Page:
e3 2013

Max: The Curse of Brotherhood

Max: The Curse Of Brotherhood Influenced By Heart Of Darkness
by Kyle Hilliard on Jun 16, 2013 at 10:45 AM
Platform Xbox One, Xbox 360
Publisher Microsoft Game Studios
Developer Press Play
Rating Everyone

Lead designer Mikkel Martin Pederson says that his favorite game, the PC and PlayStation classic Heart of Darkness, is an influence on Max: The Curse of Brotherhood. You can definitely see the influence in the game’s general art direction. The assorted monsters and puzzle solving shown also seemed to express elements of Heart of Darkness.

We saw a brief trailer for the upcoming Xbox Live Arcade game during Microsoft’s press conference, but Pederson was present at the show to offer a more detailed look at the sequel to Max and the Magic Marker’s puzzle solving.

We see the game in action and some of the new puzzles and the stronger focus on platforming. The original Max title (which released on just about everything but Xbox 360) let players use Max’s magic marker pretty much whenever he wanted, but in the sequel you will only be able to take advantage of the marker’s specific abilities in certain instances.

For example, if you need to draw water to solve puzzle, there will be a well of water ink nearby. This allows the puzzles to be more focused and geared towards specific solutions. Pederson says that in the previous game, players would just draw stairs to get wherever they needed to go. Players weren’t forced to figure out different solutions. In Curse of Brotherhood, there is no more free drawing.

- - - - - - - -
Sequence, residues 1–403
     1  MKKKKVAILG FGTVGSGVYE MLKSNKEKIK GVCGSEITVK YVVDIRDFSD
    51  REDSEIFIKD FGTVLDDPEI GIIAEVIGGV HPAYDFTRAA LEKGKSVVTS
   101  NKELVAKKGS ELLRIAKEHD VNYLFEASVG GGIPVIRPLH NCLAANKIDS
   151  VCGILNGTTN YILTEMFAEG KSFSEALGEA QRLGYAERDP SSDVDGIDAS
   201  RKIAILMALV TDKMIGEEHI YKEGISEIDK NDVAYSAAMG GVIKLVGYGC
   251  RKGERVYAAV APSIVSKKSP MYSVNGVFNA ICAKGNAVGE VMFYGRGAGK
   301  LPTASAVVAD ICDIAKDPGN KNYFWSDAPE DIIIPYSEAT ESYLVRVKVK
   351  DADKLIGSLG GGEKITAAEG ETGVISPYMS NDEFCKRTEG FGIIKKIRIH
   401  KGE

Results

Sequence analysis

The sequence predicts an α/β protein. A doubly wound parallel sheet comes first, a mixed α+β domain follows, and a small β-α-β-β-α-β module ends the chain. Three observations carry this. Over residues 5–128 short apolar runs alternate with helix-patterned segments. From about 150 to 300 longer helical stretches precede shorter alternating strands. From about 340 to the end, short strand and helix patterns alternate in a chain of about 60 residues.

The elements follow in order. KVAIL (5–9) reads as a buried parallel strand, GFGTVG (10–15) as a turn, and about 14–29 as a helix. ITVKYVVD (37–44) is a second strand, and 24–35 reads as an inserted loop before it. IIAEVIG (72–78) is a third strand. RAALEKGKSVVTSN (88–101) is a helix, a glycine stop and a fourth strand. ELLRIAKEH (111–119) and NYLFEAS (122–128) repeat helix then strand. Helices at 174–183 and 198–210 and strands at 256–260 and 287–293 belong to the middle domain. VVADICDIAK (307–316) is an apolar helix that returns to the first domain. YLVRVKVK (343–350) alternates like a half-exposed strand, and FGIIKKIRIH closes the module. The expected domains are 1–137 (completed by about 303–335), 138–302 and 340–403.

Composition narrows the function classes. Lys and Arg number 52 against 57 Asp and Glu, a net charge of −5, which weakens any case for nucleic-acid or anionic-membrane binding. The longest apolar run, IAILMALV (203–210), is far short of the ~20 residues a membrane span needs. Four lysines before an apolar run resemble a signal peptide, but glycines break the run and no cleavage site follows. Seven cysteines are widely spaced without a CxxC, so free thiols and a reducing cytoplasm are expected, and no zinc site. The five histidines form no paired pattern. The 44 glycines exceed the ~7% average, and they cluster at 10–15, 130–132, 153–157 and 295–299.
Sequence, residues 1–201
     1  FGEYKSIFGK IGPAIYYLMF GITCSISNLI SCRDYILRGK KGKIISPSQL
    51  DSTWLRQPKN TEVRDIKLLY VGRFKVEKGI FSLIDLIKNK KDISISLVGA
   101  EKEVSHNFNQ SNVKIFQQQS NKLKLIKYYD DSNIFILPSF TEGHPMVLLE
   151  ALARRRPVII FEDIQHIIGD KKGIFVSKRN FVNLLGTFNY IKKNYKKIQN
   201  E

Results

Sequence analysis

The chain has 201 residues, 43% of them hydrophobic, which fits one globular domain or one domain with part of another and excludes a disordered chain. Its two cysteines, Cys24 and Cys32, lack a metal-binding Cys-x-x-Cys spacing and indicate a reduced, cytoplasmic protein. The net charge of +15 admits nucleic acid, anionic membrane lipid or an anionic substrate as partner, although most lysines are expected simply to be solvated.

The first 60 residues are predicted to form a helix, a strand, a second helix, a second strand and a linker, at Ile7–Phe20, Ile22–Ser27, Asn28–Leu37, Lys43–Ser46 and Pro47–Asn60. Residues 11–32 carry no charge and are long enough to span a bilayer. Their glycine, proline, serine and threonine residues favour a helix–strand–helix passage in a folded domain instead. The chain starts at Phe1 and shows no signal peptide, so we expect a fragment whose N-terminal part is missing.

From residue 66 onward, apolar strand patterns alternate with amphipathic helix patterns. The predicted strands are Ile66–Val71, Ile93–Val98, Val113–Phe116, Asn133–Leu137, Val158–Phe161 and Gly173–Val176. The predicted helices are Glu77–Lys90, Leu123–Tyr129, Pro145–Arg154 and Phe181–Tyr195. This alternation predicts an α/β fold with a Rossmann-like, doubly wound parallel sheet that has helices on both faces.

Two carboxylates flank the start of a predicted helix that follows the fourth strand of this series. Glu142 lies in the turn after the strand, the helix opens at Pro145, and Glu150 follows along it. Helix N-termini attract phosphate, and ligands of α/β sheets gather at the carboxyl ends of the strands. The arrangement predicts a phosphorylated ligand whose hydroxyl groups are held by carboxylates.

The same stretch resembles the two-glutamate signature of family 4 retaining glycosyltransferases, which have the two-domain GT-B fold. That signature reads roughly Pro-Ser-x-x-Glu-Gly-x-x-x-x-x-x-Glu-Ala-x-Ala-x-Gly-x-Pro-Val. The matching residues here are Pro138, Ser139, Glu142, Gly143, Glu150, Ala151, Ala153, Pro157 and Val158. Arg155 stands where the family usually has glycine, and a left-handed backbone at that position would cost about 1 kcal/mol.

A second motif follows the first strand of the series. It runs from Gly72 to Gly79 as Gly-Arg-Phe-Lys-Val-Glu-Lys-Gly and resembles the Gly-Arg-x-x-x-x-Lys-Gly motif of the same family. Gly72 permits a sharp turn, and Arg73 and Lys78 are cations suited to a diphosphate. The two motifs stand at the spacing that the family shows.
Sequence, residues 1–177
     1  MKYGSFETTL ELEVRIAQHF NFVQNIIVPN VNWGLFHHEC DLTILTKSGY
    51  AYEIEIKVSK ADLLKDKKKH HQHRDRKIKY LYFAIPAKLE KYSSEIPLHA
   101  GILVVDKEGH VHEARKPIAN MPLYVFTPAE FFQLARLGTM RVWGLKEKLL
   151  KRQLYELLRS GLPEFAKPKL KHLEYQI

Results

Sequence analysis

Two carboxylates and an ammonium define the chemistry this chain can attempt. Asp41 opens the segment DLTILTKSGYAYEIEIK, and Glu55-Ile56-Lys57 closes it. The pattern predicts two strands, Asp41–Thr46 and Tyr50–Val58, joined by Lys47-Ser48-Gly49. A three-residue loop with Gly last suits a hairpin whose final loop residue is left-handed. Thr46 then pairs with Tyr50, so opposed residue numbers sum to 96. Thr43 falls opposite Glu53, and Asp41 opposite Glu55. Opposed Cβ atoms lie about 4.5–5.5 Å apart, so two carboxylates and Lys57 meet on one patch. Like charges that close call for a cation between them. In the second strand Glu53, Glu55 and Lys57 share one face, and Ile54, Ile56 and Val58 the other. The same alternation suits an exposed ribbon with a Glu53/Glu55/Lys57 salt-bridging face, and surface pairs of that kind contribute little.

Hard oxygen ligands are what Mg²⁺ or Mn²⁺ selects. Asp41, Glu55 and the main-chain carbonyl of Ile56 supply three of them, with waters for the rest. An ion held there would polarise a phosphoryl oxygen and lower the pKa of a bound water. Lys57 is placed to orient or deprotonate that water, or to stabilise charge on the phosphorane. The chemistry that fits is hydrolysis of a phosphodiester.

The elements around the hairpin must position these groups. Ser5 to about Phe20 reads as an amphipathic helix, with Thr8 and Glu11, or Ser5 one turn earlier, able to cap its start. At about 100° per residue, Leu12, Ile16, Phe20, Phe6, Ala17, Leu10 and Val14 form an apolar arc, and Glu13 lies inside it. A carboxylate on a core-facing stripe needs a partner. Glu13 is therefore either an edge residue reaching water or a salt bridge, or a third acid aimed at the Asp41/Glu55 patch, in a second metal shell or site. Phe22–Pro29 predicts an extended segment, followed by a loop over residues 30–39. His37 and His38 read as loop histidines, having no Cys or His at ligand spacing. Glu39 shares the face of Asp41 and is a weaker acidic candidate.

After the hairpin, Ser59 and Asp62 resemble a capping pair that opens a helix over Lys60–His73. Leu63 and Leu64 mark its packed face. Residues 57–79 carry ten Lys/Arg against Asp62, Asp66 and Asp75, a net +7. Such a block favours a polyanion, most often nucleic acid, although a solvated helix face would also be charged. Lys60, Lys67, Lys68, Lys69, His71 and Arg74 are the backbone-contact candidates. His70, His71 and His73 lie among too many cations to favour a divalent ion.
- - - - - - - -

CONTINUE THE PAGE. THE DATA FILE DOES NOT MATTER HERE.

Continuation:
In regards to the platforming, there is more this time around. We see Max sliding down hills, while the ground disappears below him. We see one scenario where Max has to jump at the last second to avoid a pit, he slows time mid-air, and use his marker to draw a stream of water that carries him safely to the ledge.

We also see Max raise platforms from the ground to prevent objects from crushing him, and set enemies on fire by drawing fire on them. The drawing mechanic seems similar to Okami. You pause the game (or in this case slow it down dramatically) and Max’s marker appears on screen and you use the control stick to draw what is needed.

Pederson is quick to point out that Max is not a free to play game. It’s a full game featuring seven to eight hours of gameplay. Max: The Curse of Brotherhood is coming exclusively to Xbox Live arcade for 1200 Microsoft Points this Spring.

Products In This Article

Max: The Curse of Brotherhoodcover

Max: The Curse of Brotherhood

Xbox One, Xbox 360
Release Date: